Organisations such as the United States Agency for International Development (USAID) and the Food and Agriculture Organization of the United Nations (FAO) have, since the late 1970s, recognised the important role of women in the forestry sector and the importance of gender roles and gender equality in relation to trees, forests, land use, and the environment.83480230a875A recently published FAO guide on mainstreaming gender in forestry aims to help forestry technical officers ensure that forestry projects serve women’s needs and work towards gender equality objectives.1554614372a2 The Centre for People and Forests, Climate Investment Funds, and some REDD+ programmes have also published similar guides.293877b6270e

The Center for International Forestry Research (CIFOR) has conducted a review of the substantial literature on gender and forestry. The emerging themes, discussed briefly below, include gender and forest usage, gender and community forestry management, and the intersection of gender, forest conservation, and climate change, including gender issues in REDD+.1222e76672f3 

Gender and forest usage

Research shows that gender influences how men and women use forest resources. Men and women are engaged at different stages of production for both timber and non-timber forest products, although this involvement varies from country to country and from one community to another. Studies on the gender differences in forestry activities are limited, so it is not possible to provide a comprehensive picture or cross-country analysis on the issue. Nonetheless, a review of the available data by Sunderland et al. revealed that variations by gender as well as by region are observable in forest product use in Africa, Asia, and Latin America.fc5a2e5addb1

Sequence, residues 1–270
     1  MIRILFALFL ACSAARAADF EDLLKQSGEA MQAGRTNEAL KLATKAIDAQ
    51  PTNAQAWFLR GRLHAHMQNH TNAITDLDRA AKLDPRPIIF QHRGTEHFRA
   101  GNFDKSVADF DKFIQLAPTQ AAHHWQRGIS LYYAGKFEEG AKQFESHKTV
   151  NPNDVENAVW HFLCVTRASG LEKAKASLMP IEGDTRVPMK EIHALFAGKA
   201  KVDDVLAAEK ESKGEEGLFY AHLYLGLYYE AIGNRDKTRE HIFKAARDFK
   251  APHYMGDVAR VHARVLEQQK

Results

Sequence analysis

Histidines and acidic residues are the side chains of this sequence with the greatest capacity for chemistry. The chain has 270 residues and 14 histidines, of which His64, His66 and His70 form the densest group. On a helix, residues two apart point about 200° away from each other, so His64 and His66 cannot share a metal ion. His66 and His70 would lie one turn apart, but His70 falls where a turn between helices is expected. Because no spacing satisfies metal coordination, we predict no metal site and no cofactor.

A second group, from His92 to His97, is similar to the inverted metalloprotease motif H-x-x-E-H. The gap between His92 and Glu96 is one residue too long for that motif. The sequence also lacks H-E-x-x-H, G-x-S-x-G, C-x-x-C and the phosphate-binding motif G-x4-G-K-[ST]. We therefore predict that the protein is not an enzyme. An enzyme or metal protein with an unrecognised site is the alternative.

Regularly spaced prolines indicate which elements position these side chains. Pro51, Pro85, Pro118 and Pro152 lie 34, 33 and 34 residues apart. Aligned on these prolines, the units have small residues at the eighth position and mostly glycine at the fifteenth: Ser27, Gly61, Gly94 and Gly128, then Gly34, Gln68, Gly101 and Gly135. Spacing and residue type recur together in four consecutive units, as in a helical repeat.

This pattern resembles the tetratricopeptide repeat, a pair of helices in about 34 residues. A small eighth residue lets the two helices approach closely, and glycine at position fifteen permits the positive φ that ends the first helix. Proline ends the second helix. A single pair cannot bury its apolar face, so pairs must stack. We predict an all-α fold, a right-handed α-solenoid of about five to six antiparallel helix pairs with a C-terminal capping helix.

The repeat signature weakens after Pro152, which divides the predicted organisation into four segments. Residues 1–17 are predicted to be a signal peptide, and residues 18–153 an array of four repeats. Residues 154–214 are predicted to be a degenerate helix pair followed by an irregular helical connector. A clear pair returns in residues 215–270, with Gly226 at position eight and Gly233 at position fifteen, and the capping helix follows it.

In Africa, while hunting and fishing are male domains, women and girls are involved in collecting edible forest plants, medicinal plants, fodder for animals, and fruits. The plants women collect enable them to supplement the family diet and to earn extra income for their households. In addition, women’s gathering role means they have highly specialised knowledge of the forest, the trees, biological diversity, and conservation practices.ac9e3284932c Women also collect firewood for fuel, a time-consuming activity that often leaves them with little time for school, work, or other productive activities. In Zambia, women are involved in charcoal production from trees, and in the Congo Basin they take part in artisanal mining in forest areas.a4afca1c6f7a Women in Ghana are also involved in chainsaw milling and processing timber, although they are much less visible than men working in similar roles.a69e96944406 In Latin America, however, men play a bigger role than women in the collection of unprocessed forest products such as firewood. In Asia, men’s and women’s contribution to products is roughly equal. Sunderland et al. hypothesise that gender differences in use of non-timber forest products depend on the level of commercialisation, with women dominating in Africa, where collection is mainly for subsistence use, and men dominating in Asia, where forest products such as brazil nuts have high commercial value.7c73b95ac069 

Figure 1: Gender and forest use